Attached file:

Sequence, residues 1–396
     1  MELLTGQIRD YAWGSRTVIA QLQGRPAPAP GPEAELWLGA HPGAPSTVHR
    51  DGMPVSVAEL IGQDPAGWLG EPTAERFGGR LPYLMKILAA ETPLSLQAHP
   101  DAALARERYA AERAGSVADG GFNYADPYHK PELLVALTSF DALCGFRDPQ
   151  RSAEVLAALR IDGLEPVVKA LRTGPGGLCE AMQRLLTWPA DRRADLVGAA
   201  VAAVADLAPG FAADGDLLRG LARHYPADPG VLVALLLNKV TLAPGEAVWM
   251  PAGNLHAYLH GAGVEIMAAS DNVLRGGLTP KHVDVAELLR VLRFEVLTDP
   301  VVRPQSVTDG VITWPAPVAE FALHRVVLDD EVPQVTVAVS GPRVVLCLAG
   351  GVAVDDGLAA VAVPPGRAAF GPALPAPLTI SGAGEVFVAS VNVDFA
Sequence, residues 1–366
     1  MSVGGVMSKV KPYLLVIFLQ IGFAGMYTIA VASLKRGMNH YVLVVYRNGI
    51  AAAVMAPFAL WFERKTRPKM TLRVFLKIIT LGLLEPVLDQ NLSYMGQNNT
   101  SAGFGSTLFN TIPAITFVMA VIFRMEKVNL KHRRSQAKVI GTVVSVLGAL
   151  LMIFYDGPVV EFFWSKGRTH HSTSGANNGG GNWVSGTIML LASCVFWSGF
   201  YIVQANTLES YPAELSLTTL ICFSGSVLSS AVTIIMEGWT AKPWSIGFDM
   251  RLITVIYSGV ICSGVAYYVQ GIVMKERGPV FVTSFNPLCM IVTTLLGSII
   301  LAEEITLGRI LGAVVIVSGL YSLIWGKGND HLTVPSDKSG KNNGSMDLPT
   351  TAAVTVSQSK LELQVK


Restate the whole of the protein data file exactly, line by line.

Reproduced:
Sequence, residues 1–396
     1  MELLTGQIRD YAWGSRTVIA QLQGRPAPAP GPEAELWLGA HPGAPSTVHR
    51  DGMPVSVAEL IGQDPAGWLG EPTAERFGGR LPYLMKILAA ETPLSLQAHP
   101  DAALARERYA AERAGSVADG GFNYADPYHK PELLVALTSF DALCGFRDPQ
   151  RSAEVLAALR IDGLEPVVKA LRTGPGGLCE AMQRLLTWPA DRRADLVGAA
   201  VAAVADLAPG FAADGDLLRG LARHYPADPG VLVALLLNKV TLAPGEAVWM
   251  PAGNLHAYLH GAGVEIMAAS DNVLRGGLTP KHVDVAELLR VLRFEVLTDP
   301  VVRPQSVTDG VITWPAPVAE FALHRVVLDD EVPQVTVAVS GPRVVLCLAG
   351  GVAVDDGLAA VAVPPGRAAF GPALPAPLTI SGAGEVFVAS VNVDFA
Sequence, residues 1–366
     1  MSVGGVMSKV KPYLLVIFLQ IGFAGMYTIA VASLKRGMNH YVLVVYRNGI
    51  AAAVMAPFAL WFERKTRPKM TLRVFLKIIT LGLLEPVLDQ NLSYMGQNNT
   101  SAGFGSTLFN TIPAITFVMA VIFRMEKVNL KHRRSQAKVI GTVVSVLGAL
   151  LMIFYDGPVV EFFWSKGRTH HSTSGANNGG GNWVSGTIML LASCVFWSGF
   201  YIVQANTLES YPAELSLTTL ICFSGSVLSS AVTIIMEGWT AKPWSIGFDM
   251  RLITVIYSGV ICSGVAYYVQ GIVMKERGPV FVTSFNPLCM IVTTLLGSII
   301  LAEEITLGRI LGAVVIVSGL YSLIWGKGND HLTVPSDKSG KNNGSMDLPT
   351  TAAVTVSQSK LELQVK